Organic Chemistry

Organic and natural ingredients

Many chemical ingredients are derived from natural sources  such as plant essences and minerals  and are labelled as ‘natural’, ‘organic’, 'herbal' or ‘pure’. However, they may not meet our definition of a naturally occurring chemical because of the process used to extract the chemical from its source.

What is a naturally occurring chemical?

Naturally occurring chemicals can be either:

  • an unprocessed chemical that is found in nature, such as chemicals from plants, micro-organisms, animals, the earth and the sea
  • a chemical that is found in nature and extracted using a process that does not change its chemical composition

If all the ingredients in your product that you import or manufacture meet our definition of a naturally occurring chemical, then you do not need to register with us.

It’s important to note that most processes used to extract chemicals and aroma compounds from the natural environment  such as steam distillation and solvent extraction  create ingredients that do not meet the legal definition of ‘naturally occurring’ because their chemical composition has been changed.

Examples of naturally occurring chemicals

We don't have a list of approved chemicals or ingredients to use in products. But here are some examples of chemicals that are  or are not  defined as naturally occurring. As you’ll see, it depends on the process used to extract the chemical.

  Naturally occurring Not naturally occurring

Essential oils

Aroma compounds extracted from plant materials are commonly used in cosmetics.

If you produce essential oils using maceration, cold-press extraction or water distillation of plants, then they are defined as naturally occurring chemicals. If you produce essential oils using steam distillation or solvent extraction of plants  including the stems, leaves, roots, flowers or fruit  then they are not defined as naturally occurring chemicals. These processes change the chemical composition of the source product.

Argan oils

This plant oil extracted from the kernels of the argan tree is commonly used in cosmetics.
If you produce argan oil by cold-pressing the fruit and seeds from Argania spinosa, then it is defined as a naturally occurring chemical. If you deodorise (the selective removal of volatile compounds from the oil using steam) the argan oil after cold-pressing, then it is not defined as a naturally occurring chemical. This process changes the chemical composition of the source product.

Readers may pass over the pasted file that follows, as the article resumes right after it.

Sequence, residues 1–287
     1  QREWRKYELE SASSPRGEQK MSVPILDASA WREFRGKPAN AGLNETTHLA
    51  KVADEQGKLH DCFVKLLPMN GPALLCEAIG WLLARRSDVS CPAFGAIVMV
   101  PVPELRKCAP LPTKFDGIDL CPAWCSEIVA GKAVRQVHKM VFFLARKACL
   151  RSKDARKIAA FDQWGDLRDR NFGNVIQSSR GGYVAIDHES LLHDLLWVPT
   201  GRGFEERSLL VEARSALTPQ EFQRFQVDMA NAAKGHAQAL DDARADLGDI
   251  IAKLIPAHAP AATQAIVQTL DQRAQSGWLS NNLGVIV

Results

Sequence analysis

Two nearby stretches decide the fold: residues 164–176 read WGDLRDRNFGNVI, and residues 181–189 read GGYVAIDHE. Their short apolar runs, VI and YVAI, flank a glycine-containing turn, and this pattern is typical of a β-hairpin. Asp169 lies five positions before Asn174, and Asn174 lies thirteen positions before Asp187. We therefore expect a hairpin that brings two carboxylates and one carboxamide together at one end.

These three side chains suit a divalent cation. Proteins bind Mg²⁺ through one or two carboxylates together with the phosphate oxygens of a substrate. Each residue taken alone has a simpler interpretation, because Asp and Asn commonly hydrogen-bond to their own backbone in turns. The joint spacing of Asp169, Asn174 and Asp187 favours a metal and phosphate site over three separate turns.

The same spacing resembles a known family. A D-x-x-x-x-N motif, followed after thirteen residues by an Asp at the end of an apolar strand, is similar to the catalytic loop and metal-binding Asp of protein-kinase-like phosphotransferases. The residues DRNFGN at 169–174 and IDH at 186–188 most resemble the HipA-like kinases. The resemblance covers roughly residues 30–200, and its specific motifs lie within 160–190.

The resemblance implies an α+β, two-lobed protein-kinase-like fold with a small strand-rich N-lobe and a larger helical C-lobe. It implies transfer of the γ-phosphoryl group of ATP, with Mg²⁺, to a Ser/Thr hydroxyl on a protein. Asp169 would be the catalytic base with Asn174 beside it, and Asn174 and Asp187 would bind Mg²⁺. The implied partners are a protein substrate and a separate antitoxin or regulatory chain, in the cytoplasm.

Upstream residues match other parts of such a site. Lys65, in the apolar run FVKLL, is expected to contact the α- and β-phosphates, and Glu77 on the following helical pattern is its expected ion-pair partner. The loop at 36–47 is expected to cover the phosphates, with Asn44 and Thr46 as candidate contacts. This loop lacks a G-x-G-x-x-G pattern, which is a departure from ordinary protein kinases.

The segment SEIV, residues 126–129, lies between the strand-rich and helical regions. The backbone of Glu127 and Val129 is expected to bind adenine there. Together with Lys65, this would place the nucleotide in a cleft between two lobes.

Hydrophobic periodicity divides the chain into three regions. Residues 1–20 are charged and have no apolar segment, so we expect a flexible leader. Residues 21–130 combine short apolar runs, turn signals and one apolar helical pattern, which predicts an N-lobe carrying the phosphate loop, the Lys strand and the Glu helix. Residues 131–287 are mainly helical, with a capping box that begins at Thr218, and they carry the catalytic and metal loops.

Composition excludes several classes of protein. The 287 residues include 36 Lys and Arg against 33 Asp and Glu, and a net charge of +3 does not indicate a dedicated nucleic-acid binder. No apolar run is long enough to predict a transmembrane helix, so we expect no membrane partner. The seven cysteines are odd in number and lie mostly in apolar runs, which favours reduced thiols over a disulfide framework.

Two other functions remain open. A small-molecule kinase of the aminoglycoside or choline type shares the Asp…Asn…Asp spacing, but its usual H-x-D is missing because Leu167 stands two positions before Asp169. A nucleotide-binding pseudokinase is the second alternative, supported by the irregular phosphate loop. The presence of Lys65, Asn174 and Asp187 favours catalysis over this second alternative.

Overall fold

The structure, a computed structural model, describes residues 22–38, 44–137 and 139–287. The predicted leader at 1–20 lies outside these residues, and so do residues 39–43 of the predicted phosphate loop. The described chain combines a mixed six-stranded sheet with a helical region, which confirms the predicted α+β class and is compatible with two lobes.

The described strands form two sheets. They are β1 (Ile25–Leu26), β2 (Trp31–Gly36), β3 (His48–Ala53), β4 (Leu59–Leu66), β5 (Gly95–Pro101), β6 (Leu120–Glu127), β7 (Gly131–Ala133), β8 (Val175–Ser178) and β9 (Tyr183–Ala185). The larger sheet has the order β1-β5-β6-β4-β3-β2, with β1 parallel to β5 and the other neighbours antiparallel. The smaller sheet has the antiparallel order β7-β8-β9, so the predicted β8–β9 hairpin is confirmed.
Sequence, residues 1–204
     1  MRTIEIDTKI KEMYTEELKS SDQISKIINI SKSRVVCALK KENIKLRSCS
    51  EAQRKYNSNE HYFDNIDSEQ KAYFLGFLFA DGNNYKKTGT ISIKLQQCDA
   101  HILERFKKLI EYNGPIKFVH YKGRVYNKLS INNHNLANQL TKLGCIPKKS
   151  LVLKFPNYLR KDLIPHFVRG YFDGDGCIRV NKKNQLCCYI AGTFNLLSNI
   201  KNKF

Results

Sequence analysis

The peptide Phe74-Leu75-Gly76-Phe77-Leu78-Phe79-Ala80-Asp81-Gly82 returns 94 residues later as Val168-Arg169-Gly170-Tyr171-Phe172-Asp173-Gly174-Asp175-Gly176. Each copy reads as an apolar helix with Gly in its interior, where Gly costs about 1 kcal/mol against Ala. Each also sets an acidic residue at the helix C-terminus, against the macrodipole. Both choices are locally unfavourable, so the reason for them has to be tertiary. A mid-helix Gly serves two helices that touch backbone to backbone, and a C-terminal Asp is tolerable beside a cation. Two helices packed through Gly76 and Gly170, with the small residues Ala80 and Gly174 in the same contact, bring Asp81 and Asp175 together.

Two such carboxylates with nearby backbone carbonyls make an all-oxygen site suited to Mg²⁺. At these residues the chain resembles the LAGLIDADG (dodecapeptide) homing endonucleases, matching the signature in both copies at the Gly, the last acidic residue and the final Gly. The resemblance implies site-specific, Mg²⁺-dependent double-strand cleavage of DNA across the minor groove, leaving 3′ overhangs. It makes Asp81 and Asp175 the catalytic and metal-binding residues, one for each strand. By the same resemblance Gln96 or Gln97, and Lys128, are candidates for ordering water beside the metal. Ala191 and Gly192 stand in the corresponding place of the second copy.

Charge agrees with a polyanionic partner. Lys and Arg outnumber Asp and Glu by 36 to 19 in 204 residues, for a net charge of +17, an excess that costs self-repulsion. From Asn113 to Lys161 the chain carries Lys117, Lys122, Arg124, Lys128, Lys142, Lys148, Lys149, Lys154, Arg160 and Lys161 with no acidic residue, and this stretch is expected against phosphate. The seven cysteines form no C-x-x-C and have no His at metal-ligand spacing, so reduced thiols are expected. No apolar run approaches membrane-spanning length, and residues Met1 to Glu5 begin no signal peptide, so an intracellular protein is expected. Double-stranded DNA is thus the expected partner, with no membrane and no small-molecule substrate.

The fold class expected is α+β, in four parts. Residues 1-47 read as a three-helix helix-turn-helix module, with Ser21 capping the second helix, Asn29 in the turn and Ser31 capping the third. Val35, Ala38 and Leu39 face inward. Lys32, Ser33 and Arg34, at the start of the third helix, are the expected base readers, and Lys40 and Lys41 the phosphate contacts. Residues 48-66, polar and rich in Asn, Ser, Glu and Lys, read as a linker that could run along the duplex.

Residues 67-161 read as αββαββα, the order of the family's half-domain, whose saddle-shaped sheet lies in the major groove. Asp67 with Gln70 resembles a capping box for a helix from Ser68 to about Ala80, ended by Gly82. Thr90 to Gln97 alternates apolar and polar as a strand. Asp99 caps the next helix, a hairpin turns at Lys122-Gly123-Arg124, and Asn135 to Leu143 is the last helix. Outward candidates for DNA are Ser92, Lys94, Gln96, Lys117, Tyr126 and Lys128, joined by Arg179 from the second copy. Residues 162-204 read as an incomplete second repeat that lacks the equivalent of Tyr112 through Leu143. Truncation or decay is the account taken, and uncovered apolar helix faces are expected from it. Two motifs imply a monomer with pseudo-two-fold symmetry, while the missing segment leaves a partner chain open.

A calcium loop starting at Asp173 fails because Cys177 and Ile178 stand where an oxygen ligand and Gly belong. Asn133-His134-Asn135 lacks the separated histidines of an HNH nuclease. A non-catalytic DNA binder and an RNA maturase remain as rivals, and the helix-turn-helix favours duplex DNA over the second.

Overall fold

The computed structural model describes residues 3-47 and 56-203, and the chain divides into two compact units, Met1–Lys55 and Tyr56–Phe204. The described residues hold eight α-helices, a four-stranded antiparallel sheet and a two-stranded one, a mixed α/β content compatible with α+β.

Plant extracts

Extracts from the leaves, roots or flowers of a plant can have industrial uses and are often included in cosmetics or cleaning products.
If you freeze-dry a plant (or part of a plant), grind the material and then use water to obtain the extracts, those extracts are defined as naturally occurring chemicals. If you extract the ground-up plant with a solvent other than water (such as methanol), then it is not defined as a naturally occurring chemical. This process changes the chemical composition of the source product.
Beeswax Beeswax that is heated to remove any water is defined as a naturally occurring chemical. If you treat beeswax at any stage with bleaching earth or activated carbon (for example, to change the colour of the wax), then it is not defined as a naturally occurring chemical. This process changes the chemical composition of the source product.

Chemicals used in construction

These chemicals are defined as naturally occurring if they are obtained from the earth without chemical or heat processing:

non-bleached clays
silica
mined gypsum

These chemicals and products contain ingredients that are not defined as naturally occurring:
lime
soda
cement
mortar
grout
epoxies

Mineral ores These mineral ores are defined as naturally occurring if they are obtained from the earth without chemical or heat processing:
hematite
magnetite
bauxite
chalcopyrite.
Extractive and secondary manufacturing methods  such as refining, roasting, smelting, steelmaking and leaching  result in chemicals that are not defined as naturally occurring

 

https://www.industrialchemicals.gov.au/


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